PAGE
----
2004 Domaine de Chevalier Rouge, Pessac-Léognan

SKU #1031832 95 points Wine & Spirits

 The fineness of Chevalier's tannin is matched by the nobility of the fruit, a Cabernet that rides high across the palate, then lasts as a deep chord of flavor. The integration of the tannin and firm, currantlike fruit creates the wine's beauty for now, compelling for its balance of freshness and concentration. Sleek and dry as the stones in which it grows, this has lasting fruit richness for a long life ahead.  (10/2007)

93 points Wine Enthusiast

 *Editors' Choice* This property, run so expertly by Olivier Bernard, is now making reds that almost equal its legendary whites. This 2004 is intensely solid, dominated by black berry fruits, by spice, some smokiness aromas. It is finely balanced, smooth, with wood and tannins well integrated.  (6/2007)

92 points James Suckling

 A round and silky red now with dark chocolate, stone and blackberry character. Full body, firm tannins and a juicy finish. Austere at the finish.  (10/2015)

90 points Robert Parker's Wine Advocate

 Thankfully, this estate appears to have scaled down their use of new oak as the wood component is much more subtle than in previous vintages. The classic southern Graves version of elegance, the 2004 Domaine de Chevalier exhibits aromas of lead pencil shavings, sweet cherry and strawberry fruit, cedar, spice, and subtle smoke. Medium-bodied with outstanding purity, richness, and texture, this soft, round beauty is ideal for drinking over the next 15+ years. (RP)  (6/2007)

90 points Stephen Tanzer's International Wine Cellar

 Deep red. Open-knit aromas of red cherry and cassis complicated by intense notes of clove, nutmeg, incense and bay leaf. Then creamy and soft on the palate, but with lovely lift to the flavors of dark berries, minerals and cedar. The silky-sweet finish shows lovely aromatic persistence, not to mention very good intensity for a 2004. Drinking deliciously right now; at its relatively reasonable price today, this would be an excellent choice for restaurant dining.  (4/2016)

90 points Wine Spectator

 Aromas of blackberry and delicate tobacco, with just a hint of toasty oak. Medium- to full-bodied, with fine tannins and a caressing finish. This is all in finesse and length.  (3/2007)

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Cabernet Sauvignon and Blends

- Cabernet Sauvignon has come a long way from its role as a blending varietal, however dominant, in the wines of Bordeaux. Today it is the most planted red varietal in the world. Identified as a descendent of Cabernet Franc and Sauvignon Blanc, the late-ripening Cabernet Sauvignon needs to be planted in warmer climates to fully ripen. Its small berries can easily be identified for their distinctive blue color, thick skins and high tannins. And while the varietal has its own definitive characteristics: green pepper-like aromas and black currant flavors among them, it is perhaps most prized for its ability to convey terroir, vintage and winemaking. A relatively new varietal, Cabernet Sauvignon started making inroads into the wines of the M├ędoc and Graves in the late-18th century. Today it is also dominant in the up-and-coming Entre-Deux-Mers region of Bordeaux and can also be found in Southwest France. It is the companion varietal to Sangiovese in Italy's Super Tuscans and is planted all over Europe, stretching to lesser-known winegrowing regions like Russia and Lebanon. In the Americas Cabernet Sauvignon has found champions in every nook and cranny of California and among winemakers in Washington, where it complements plantings of Merlot. In South America, Cab thrives in Chile, but can also be found in smaller amounts in Argentina and even in Mexico.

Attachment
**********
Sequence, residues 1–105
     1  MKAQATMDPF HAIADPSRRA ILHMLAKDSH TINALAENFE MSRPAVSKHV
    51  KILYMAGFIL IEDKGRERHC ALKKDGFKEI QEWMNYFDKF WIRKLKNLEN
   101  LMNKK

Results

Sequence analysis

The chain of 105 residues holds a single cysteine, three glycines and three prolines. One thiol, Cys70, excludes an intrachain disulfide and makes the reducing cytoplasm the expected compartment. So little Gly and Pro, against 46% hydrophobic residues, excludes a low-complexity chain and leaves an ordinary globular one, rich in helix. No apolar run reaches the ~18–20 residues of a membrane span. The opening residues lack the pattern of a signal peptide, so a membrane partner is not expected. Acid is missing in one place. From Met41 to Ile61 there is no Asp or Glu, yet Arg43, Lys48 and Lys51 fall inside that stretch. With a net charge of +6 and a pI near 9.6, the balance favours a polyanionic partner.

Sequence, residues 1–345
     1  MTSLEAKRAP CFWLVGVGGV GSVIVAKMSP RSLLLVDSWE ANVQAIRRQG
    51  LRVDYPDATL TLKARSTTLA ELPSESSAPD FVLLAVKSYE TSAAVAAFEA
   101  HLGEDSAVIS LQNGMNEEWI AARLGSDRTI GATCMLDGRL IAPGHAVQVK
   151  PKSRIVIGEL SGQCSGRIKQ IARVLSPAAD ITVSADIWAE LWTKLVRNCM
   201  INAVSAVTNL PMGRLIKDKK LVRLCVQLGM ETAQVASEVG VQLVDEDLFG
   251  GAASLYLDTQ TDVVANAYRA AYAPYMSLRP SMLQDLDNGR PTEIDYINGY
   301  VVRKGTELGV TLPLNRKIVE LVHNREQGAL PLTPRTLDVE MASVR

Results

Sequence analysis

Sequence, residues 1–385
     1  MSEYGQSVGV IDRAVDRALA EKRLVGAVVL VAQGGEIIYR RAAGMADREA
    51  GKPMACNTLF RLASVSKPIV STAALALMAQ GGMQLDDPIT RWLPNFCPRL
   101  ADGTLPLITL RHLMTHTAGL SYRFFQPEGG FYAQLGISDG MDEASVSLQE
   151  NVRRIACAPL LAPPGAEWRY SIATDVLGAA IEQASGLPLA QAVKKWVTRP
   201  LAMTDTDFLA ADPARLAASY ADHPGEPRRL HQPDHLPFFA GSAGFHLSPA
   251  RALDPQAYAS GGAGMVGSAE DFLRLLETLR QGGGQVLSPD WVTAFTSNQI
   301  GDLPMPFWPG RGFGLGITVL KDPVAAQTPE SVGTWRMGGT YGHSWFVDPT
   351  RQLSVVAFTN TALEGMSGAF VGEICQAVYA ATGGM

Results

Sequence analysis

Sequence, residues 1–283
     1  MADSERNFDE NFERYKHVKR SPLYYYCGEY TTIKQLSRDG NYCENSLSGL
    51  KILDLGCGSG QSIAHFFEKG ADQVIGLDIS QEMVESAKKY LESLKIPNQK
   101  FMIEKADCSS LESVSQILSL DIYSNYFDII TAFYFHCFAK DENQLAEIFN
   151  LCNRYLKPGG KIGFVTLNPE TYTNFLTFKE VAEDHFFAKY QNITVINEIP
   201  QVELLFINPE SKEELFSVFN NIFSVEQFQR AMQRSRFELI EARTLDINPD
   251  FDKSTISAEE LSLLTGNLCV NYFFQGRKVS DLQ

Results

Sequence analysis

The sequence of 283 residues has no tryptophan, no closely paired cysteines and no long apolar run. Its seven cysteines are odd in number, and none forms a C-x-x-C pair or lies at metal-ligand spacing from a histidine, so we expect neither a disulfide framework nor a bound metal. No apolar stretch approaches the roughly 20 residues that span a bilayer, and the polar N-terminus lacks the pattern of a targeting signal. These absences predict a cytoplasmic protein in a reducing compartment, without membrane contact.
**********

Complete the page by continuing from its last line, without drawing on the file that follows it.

- When it comes to wine, France stands alone. No other country can beat it in terms of quality and diversity. And while many of its Region, Bordeaux, Burgundy and Champagne most obviously, produce wine as rare, as sought-after and nearly as expensive as gold, there are just as many obscurities and values to be had from little known appellations throughout the country. To learn everything there is to know about French wine would take a lifetime. To understand and appreciate French wine, one only has to begin tasting them. Click for a list of bestselling items from all of France.


- View our bestselling Bordeaux.
Specific Appellation:


- Graves is the large red and white wine region located to the southeast of the city of Bordeaux along the Garonne River. Cabernet Sauvignon dominates the red wines from the area, while the whites are mixtures of Sauvignon Blanc and Semillon. The most important area within the Graves is the village of Pessac-Leognan. Most of the great chateaux, including Haut Brion, a premier cru and the only wine outside of the Medoc to be included in the 1855 Classification, are located in this small appellation. Graves derives its name from the rocky, stony terrain of the region. Many people believe that the stony soil radiates the day's heat at night and thus makes the grapes ripen earlier than the other regions in Bordeaux.